Wording it for the Web: Tips for Writing Effective Web Site Content

 In Practice Building

Kate Williams, MA

Web sites are interactive points of contact between you and curious or interested visitors; they inform, educate, advertise, market, sell; they reflect you, your purpose and your way of practicing and doing business. Regardless of all the bells, whistles and visual play a web developer incorporates into your site’s design and navigation, well-positioned content is the most influential means of establishing a relationship with your visitors. Ironically, however, content is often an afterthought, or a spare attempt to report who you are, what you do and why visitors should contact you.

Words are powerful; knowing how to use them effectively within a particular medium and culture is essential to harnessing that power. While advertising and marketing is not within the scope of this article, when writing your content you must understand that people seek, interact and respond to information or advertising on the Internet much differently than they do to printed media.

The World Wide Web is interactive. In his book, Writing for the Web 3.0, Crawford Kilian distinguishes between online media and print, film, TV and radio mediums in terms of communication style. While the standard model of one-way communications says under its breath, “Do what I say?,” the online, or interactive culture says, “Is this what you want?”

Two-Way ConversationWords are powerful; knowing how to use them effectively within a particular medium & culture is essential to harnessing that power

Interactive media requires writing that initiates conversation or response rather than unopposed directives. Whatever you use your site for, good web writing needs to take advantage of the medium’s ability for two-way conversation. If you don’t know how to initiate that conversation, you will be passed by with a split second click of a mouse.

While Kilian acknowledges the importance of presenting content in terms of your reader rather than simply what you have to offer them (standard model), Mark Silver, international business coach and master Sufi teacher, takes this marketing strategy and adds heart and genuine regard for site visitors. He proposes formulating your content as a “customer-focused story,” the goal being to provide content that supports a visitor to discern whether they can trust that you understand them and can help them get what they need.

Online Writing Tips

Silver goes into great depth on how to create a Web site in his book, Heart-Centered Websites; however, there are a few relevant writing style tips he suggests for turning a prospecting client into someone who enters a conversation with you. Any web writer or marketer will emphasize the importance of writing in the second person – refer to the reader as “you.” With that as a writing style foundation, four basic steps for compassionately connecting with your visitor follow:

  1. Open with an empathetic headline and/or paragraph. With your attention on the client, ask yourself what they need, and why they are seeking out your service.
  2. Offer reassurance that there is a way to solve their problem. They or their situation can get better.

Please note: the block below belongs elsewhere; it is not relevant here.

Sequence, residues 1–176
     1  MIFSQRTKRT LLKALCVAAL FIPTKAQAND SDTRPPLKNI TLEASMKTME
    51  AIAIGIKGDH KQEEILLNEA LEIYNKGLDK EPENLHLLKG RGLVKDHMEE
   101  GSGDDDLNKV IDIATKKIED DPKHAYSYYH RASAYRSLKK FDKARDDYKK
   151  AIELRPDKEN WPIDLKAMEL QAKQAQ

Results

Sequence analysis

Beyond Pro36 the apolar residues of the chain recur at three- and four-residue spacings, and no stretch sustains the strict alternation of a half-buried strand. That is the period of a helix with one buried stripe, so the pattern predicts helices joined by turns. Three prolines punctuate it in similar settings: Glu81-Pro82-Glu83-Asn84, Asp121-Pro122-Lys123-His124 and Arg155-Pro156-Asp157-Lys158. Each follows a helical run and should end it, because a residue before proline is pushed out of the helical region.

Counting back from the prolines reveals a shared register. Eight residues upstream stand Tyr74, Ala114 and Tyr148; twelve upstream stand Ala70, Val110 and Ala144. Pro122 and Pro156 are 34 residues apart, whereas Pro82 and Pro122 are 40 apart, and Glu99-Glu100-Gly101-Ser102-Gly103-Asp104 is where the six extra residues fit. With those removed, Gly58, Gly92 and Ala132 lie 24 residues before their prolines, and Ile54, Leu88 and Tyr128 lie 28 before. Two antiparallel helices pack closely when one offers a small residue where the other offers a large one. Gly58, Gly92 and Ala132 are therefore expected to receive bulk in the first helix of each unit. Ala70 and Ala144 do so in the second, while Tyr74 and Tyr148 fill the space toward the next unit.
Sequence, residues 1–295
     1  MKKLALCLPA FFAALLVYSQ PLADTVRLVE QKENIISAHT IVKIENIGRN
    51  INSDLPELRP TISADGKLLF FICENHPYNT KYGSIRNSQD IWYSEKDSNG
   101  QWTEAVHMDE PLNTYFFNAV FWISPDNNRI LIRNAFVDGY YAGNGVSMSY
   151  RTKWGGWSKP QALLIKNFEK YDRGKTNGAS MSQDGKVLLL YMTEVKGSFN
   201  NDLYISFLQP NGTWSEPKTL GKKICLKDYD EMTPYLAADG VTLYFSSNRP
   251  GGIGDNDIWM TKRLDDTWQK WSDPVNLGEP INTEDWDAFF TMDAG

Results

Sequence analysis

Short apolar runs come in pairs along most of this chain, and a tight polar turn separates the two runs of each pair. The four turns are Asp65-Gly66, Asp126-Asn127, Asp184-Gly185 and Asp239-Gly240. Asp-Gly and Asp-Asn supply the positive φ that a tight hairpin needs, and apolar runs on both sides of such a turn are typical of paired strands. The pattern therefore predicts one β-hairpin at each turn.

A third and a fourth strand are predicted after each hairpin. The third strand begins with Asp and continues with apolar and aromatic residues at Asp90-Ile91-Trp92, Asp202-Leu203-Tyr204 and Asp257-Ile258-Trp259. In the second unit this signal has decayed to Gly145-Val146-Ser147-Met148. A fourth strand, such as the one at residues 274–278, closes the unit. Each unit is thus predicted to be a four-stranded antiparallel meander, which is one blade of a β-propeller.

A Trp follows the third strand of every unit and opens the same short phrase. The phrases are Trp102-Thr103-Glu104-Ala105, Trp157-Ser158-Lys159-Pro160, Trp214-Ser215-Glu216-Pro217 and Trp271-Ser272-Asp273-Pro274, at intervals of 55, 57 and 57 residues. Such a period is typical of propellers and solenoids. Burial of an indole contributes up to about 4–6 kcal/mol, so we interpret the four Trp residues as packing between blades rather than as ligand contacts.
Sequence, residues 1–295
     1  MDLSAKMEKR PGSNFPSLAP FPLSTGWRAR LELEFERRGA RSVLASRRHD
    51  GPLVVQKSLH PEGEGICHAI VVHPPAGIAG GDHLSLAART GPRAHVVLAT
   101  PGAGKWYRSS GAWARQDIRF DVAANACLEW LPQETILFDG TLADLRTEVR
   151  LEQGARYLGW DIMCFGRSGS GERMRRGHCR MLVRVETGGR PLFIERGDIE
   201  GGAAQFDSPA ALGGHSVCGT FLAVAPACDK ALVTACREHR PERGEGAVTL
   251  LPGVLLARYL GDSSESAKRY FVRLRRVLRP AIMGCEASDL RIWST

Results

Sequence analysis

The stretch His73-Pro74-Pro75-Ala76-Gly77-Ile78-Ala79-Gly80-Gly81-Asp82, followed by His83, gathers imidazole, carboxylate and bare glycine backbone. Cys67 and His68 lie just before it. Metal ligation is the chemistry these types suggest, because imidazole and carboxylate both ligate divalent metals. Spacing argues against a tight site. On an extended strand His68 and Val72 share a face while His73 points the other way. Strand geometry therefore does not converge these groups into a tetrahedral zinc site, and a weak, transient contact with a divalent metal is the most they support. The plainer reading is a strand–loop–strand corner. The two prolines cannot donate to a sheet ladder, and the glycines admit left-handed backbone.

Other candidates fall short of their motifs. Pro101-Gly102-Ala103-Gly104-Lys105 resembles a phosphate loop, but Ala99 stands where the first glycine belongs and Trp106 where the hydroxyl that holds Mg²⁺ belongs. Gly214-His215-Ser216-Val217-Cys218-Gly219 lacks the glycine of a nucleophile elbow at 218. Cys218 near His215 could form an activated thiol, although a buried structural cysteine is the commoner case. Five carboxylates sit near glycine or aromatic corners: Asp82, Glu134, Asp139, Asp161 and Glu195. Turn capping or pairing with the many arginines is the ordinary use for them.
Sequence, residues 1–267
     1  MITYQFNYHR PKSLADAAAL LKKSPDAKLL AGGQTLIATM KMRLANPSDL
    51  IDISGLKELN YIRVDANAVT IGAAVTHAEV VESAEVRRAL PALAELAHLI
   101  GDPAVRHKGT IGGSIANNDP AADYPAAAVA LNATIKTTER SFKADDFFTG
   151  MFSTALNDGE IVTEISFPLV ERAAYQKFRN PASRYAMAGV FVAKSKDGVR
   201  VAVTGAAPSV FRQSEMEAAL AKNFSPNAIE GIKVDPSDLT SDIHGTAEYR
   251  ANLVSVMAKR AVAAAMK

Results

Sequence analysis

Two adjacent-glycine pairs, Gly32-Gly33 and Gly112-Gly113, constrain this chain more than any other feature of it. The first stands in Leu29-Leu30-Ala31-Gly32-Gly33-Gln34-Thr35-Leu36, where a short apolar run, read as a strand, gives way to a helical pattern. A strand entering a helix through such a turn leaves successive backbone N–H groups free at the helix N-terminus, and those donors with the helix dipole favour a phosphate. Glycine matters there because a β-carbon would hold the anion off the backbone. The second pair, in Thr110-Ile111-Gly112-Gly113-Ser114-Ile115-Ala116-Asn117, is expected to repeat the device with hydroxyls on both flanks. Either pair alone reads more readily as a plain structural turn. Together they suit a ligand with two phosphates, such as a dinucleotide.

3. Let them know how you can help them.
  4. Offer them a way to learn more – direct them to a contact or sign-up page if you offer a newsletter, for example.

While successfully engaging your visitors through conversational, inviting language and style, there are also practical formatting issues to keep in mind. Because reading on a computer monitor is slower and causes more eyestrain then hardcopy reading, web site visitors tend to be more impatient. They look for immediate engagement, and they want to quickly find the information they seek. There are several ways to address this when writing your content:

  • Short paragraphs: Keep them to no more than 100 words, often less, in chunks of information that can stand alone.
  • Descriptive subheadings: These increase ease of reading, further allowing visitors to decide if they need to read the associated paragraph.
  • Bold headings and important words or phrases: Bolding significant headings and words further supports scanning and quick comprehension of your site’s major messages or points. Italicizing sparingly can also help focus attention.
  • Use .pdf files for lengthy, detailed information: Create links for visitors who want to read or print and read articles or other types of information you offer.

Screen Shot 2015-11-11 at 3.04.45 PMClearly, there are many aspects involved in effective web writing, including search engine optimization (SEO), a complicated Web marketing strategy. While this article only skims the surface, the above guidelines will improve your Web content exponentially. If you want your Web site to be read and generative, effective content is critical. If you do not have the time or motivation to learn how to do it well, it may be worth finding someone who can turn your ideas into productive Web words.


Kate Williams, MA at WordTurners, offers writing, editing and coaching services for natural healthcare providers, small businesses, non-profits and fellow writers. She has been writing and involved in the naturopathic community for more than 20 years. She lives and works in Portland, Ore.


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